And that’s where I think you start to see a significant drop in the productivity of people within an organisation. And unfortunately, it’s where you start to see an almost unrecoverable position from a cultural perspective.



Busting Startup Hiring Myths

If you are a Fintech leader, you will probably agree that hiring great people can sometimes feel like an impossible task.

Since launching in 2016, Tier One People has interviewed hundreds of Fintech leaders. These frank discussions on the challenges of growing and scaling a startup sometimes can contradict the popular advice from Silicon Valley.  We have researched and analysed the hiring strategies of Google, Facebook, Netflix and other tech firms and see some major flaws in following the strategies for a startup in Australia.

Let’s bust some hiring myths.

Hire for culture fit.

Katherine McConnell is Founder and CEO of Brighte. She is recognised as the Outstanding FinTech leader in Australia and was named in the Top 10 most influential women in Fintech globally. Katherine had this to say about hiring on culture fit.

Today we’re able to attract great people because of the brand, our investors and the fact we are a solid business. But a year ago, no one had heard of Brighte.

Attracting great people to a start-up is very difficult. You don’t have much leverage. Hiring based on values is nice but not always possible. Now Brighte is established we absolutely recruit on values and cultural alignment.

Initially I hired people based on technical expertise. I had to take a gamble on whether the person would work out or not. We just had to build the platform and get it done. The advice I was given was ‘hire slow, fire fast’ but in a startup sometimes you have to hire fast and fire slow. As a leader you have to make tough decisions.

Hire based on proven experience.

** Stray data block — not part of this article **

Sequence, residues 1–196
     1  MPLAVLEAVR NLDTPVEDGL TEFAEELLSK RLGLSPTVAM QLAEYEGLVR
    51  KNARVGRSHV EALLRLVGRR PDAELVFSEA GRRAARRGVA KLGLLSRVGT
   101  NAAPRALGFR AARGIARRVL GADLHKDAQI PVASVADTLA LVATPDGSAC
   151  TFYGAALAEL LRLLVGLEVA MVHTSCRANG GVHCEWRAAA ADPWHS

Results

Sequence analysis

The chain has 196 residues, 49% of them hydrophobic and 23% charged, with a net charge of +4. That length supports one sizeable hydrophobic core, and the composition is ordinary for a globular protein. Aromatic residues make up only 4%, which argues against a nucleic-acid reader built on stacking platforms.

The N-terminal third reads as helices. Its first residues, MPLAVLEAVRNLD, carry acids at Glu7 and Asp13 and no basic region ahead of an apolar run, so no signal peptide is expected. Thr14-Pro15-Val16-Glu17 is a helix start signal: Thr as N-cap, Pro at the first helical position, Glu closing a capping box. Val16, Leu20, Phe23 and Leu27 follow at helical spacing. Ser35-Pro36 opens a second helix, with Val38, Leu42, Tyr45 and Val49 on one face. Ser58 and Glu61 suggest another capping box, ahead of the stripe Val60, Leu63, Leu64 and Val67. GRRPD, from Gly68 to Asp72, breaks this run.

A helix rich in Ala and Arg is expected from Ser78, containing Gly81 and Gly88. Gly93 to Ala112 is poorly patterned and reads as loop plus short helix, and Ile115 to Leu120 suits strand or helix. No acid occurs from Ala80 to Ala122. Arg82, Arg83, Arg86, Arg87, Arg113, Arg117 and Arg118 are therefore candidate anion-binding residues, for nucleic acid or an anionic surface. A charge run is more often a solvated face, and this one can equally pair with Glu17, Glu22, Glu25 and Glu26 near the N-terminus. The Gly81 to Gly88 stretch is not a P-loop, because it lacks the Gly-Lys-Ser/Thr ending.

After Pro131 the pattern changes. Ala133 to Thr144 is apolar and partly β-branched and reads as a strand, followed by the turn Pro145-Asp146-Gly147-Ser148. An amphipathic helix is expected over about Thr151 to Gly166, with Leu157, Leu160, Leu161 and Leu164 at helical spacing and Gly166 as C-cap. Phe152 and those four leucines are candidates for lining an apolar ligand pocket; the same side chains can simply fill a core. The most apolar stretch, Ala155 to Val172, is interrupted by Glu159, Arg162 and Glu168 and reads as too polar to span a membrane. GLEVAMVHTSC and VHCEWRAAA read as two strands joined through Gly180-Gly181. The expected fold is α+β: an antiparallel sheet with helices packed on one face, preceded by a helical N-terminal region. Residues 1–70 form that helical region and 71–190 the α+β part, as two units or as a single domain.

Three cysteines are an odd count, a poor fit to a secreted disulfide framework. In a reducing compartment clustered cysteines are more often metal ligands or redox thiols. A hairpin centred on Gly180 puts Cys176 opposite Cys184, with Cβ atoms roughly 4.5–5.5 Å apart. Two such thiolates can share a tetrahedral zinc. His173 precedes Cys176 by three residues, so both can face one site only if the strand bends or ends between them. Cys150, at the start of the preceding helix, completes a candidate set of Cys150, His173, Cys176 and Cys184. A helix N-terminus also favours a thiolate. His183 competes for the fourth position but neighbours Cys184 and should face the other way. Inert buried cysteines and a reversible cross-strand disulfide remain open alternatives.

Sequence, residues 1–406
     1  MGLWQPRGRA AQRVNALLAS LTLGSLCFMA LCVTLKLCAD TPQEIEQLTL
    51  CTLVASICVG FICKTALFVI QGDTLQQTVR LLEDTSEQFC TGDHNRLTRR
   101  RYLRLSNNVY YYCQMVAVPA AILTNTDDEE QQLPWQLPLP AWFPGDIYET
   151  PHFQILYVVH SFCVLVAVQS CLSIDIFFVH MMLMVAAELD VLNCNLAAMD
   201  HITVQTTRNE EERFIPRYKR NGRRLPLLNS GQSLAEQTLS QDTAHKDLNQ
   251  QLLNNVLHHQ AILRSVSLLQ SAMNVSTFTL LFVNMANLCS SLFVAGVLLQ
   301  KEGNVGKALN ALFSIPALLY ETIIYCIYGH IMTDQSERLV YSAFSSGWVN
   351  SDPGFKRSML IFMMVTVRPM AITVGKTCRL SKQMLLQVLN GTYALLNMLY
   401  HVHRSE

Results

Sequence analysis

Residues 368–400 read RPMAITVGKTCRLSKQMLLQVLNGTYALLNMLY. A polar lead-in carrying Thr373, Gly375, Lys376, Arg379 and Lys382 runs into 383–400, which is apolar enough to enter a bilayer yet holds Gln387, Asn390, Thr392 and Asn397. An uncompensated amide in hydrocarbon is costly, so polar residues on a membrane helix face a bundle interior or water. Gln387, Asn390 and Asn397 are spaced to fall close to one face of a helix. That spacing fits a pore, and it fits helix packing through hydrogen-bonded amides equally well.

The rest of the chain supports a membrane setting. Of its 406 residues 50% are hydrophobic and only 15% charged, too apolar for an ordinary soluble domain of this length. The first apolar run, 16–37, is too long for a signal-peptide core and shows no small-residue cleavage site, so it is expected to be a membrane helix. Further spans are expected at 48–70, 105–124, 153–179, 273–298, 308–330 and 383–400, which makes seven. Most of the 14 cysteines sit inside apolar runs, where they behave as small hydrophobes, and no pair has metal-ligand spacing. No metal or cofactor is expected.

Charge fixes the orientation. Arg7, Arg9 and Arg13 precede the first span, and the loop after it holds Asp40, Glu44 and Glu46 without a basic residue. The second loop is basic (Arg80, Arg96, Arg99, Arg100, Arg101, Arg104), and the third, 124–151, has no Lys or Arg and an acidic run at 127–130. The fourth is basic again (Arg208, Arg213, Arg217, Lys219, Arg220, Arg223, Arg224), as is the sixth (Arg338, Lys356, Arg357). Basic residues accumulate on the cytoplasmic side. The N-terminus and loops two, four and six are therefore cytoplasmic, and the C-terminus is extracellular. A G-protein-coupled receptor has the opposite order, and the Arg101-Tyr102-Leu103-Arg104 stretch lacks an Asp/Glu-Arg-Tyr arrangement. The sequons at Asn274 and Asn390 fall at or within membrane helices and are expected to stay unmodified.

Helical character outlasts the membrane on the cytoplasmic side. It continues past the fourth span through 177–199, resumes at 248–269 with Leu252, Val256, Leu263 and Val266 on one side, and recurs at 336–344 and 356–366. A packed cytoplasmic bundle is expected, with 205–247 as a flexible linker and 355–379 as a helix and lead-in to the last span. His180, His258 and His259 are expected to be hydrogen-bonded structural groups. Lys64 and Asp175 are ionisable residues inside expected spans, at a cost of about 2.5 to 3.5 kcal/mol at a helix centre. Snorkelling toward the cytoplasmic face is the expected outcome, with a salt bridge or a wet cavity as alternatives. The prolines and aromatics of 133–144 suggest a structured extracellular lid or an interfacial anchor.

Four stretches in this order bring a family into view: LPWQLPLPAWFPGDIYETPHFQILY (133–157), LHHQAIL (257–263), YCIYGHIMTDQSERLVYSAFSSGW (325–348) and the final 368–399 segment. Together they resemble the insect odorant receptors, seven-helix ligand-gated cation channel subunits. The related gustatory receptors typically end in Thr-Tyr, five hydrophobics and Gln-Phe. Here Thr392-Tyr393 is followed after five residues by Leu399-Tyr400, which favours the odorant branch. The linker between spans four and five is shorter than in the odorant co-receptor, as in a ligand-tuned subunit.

Martin McCann Trade Ledger

Martin McCann is CEO and Cofounder of Trade Ledger, winner of FinTech Startup of the year 2019. Trade Ledger is rapidly scaling with offices in Sydney and London.

We don’t focus on people’s experience or their background, we focus on whether or not they would fit well with the team or will they be disruptive in the team. We prefer to hire people with high potential or high propensity for success.

What we’ve found is interesting. People who are under-experienced, properly motivated and show high potential are a much better fit for this organisation than people who’ve got proven experience.

People with high potential fit the way we work. They want to get ahead quickly, they appreciate the opportunity to be able to contribute and to learn. And they understand the value it creates for them as an asset that differentiates them in the market.

Create a culture where there is no fear of failure.

Vincent Turner is Founder of Uno Home Loans. He is a Fintech veteran now on his third startup. Vincent spent five years in Silicon Valley, setting up the Valleys first ever Fintech Meetup. Vincent had this to say about failure.

We are a consumer focused fintech, so our culture is driven by discovery and big ideas. You can conduct focus groups, give customers a prototype, let them observe it, but that customer will act differently when you ship the product. To get to something that works is an act of discovery

The team is encouraged to come up with extraordinary ideas and to test them out. Then we make a frank evaluation of what worked and what didn’t. We don’t talk about failure at uno. Failure is when you are reckless in the way you try things. But an experimentation-led culture, where you can call out what works and what doesn’t, is the absolute mainstay for any customer centric business.

Millenials are hard to motivate.

George Lucas is CEO of Raiz Invest and ASX listed investment platform that helps people save and invest automatically. The app has been a big hit with millenials and George applies the same approach to customers as he does managing his team.

Raiz has gained a lot of traction with Millennials, more than 900,000 people have downloaded the app and we are managing more than $250 million in funds.

We have developed a lot of loyalty within our customer base. Engagement is key and we are always listening to our customers. If you look at our product development releases to date, some examples being Raiz Kids, Raiz Rewards, My Finance and most recently Raiz Super, it has all been driven by our customers.